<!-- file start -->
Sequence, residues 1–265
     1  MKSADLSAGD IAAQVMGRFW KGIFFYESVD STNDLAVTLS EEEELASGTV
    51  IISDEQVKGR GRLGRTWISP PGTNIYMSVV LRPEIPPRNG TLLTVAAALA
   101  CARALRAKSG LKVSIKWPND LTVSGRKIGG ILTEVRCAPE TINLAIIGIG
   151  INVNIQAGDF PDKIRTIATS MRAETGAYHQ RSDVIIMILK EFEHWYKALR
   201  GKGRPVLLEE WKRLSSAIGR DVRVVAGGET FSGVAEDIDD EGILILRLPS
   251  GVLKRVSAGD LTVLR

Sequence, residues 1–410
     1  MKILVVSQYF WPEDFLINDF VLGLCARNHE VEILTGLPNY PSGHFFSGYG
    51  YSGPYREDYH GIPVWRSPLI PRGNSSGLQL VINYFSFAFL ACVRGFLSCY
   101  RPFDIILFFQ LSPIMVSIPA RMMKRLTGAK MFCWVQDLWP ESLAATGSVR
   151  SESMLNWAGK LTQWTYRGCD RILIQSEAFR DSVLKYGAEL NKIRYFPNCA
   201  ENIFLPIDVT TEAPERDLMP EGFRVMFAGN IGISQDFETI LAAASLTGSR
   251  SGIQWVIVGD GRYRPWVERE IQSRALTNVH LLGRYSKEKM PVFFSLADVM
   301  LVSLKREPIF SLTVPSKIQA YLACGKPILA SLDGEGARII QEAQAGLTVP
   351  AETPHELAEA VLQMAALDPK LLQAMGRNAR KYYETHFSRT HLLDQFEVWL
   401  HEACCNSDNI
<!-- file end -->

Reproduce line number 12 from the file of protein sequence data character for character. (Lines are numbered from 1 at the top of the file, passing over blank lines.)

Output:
   151  SESMLNWAGK LTQWTYRGCD RILIQSEAFR DSVLKYGAEL NKIRYFPNCA